Question: Do you agree that adding salt to meats or eggs before cooking is a big no-no? As a young, inexperienced cook, I hadn't heard of this until a neighbor friend told me so. She said salt toughens and dries out food. Can you please discuss this matter in your column?
Answer: Technically, salt draws out moisture through the process of osmosis. This is the basis for all the theories about drying and toughening properties of salt when in contact with foods. However, salt does not create this moisture loss to a considerable degree in many cases. Roasts, for instance, may be salted before cooking if desired, but don't expect the flavor to come through since only one-eighth to one-quarter of an inch is seasoned. The meat is preferably salted at the table after carving or while each piece is carved. When broiling or searing, sprinkle salt after cooking, since the salt would slow the browning by drawing the juices to the surface.
Salting before cooking may be done in a fast cooking process, which does not allow for toughening or moisture loss. Sauteed minute steaks or scaloppine, as well as Chinese stir-frying, are some examples.
There are other factors that affect the juiciness of red meats other than salting techniques. Some of them are large drip loss during storage, less fat in the meat, long periods of aging or freezing, high temperatures and cooking longer than necessary and the age and breed of the animal.
Unlike red meats, poultry does not pose as much of a problem because of its natural moistness, but use a light hand with salt when cooking the leaner chicken breasts.
Some recipes call for salt when beating egg whites. The salt allows the egg whites to incorporate more air while being beaten. Poached or fried whole eggs toughen when salt is added before cooking, but when a small amount of salt is added to scrambled eggs or omelets the albumen in the egg white breaks down faster and makes blending with the yolks easier.
Aside from meats and eggs, here are other foods affected by salting before, during or after cooking:
--Stocks may be lightly salted in the beginning of cooking to bring out the flavor, but care must be taken against over-salting. It is a lot easier to increase the salt to taste at the last stage of cooking.
--Seafoods, particularly saltwater products, require very little salt.
--Pasta, rice and beans require addition of salt before cooking for flavors to permeate.
--Although most vegetables need salt in the cooking water, some vegetables that are naturally high in sodium (spinach, celery, chard, beets, artichokes and kale) don't have to be cooked in salted boiling water, which tends to harden and reduce moisture in vegetables.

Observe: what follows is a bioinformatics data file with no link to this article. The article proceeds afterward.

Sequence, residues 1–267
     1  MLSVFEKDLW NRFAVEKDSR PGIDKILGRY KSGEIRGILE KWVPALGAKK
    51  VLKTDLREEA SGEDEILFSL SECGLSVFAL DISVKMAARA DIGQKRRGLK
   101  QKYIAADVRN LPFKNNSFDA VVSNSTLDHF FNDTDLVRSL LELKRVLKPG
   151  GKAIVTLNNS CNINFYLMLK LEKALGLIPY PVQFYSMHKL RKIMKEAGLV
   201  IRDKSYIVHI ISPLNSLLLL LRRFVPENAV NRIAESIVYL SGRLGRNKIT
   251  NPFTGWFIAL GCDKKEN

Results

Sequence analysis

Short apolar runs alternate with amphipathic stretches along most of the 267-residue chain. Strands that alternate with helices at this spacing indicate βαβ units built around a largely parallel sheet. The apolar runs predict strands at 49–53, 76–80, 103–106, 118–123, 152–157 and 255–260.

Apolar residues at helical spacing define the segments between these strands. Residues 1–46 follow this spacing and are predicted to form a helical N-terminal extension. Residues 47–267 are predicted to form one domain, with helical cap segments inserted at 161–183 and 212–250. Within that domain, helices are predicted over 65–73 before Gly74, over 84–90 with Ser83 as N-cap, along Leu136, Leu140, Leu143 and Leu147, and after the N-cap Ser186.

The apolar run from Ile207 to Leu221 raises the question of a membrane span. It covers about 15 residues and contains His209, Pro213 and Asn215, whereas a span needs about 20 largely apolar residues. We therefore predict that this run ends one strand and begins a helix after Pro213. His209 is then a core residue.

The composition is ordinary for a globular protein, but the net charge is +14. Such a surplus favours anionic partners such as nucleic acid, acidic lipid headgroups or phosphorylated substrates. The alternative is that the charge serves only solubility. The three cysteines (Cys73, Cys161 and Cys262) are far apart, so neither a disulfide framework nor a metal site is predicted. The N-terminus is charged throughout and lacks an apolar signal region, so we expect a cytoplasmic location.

Q: I heard that restaurants use a commercial product for keeping whipped cream fresh and stiff for a long period. Can you please tell me if there is a similar product for the consumer, and if so, where I can buy it? I am not talking about using unflavored gelatin, which works well, too.
A: There is a whipped cream stabilizer called "Whip It" produced by Oetker in Ontario, Canada. It comes in a package of two (1/3-ounce) pouches and is available at some Dutch import stores. The major distributor of the product in the Los Angeles area is Holland American, which has a retail outlet in the same vicinity as its warehouse at 10343 E. Artesia Blvd. in Bellflower. The package retails for 45 cents.
"Whip It" is made of dextrose, precooked starch and tricalcium phosphate. The whipped cream stabilizer keeps cream firm for hours after whipping. A pouch may be added to one-half pint of whipping cream before whipping. For larger quantities, another product called "Whipping Cream Aid" is available through Parrish Cake Supply House in Los Angeles. The smallest package comes in four ounces and sells for $2.35.
Q: A Spanish beef entree recipe suggests serving pisto as an accompaniment to the dish. Can you please tell me what pisto means? Could it pertain to pesto? But I know that pesto refers to the Italian basil sauce, so maybe it's a different dish. I checked all my cookbooks but I couldn't find the recipe.
A: Pisto is a Spanish vegetable stew that is served as an appetizer, a vegetable side dish or sometimes a meat main dish if it contains a good proportion of meat. The dish, which can be eaten hot or cold, is made with diced ham or ground beef and vegetables such as red peppers, pimientos, eggplant, mushrooms and sometimes with artichokes. Similar to a ratatouille, the ingredients are sauteed with a lot of garlic and onions and simmered in tomato sauce.
Q: I love the flavor of pork, particularly with Oriental seasonings. Now that I'm trying to lose weight, should I eliminate it from my diet as most people advise?
A: The omission of pork from weight-loss diets is based on outdated information. The former belief was that pork is difficult to digest and that it is higher in fat and cholesterol than other meats. The lean pork available today is comparable in fat and cholesterol to other lean meats and, like all meats, is 95% digestible. There are, however, pork cuts that are obviously higher in fat--like pork bellies, bacon, pork hocks, pork roasts with skin--which should be avoided in low-fat diets.
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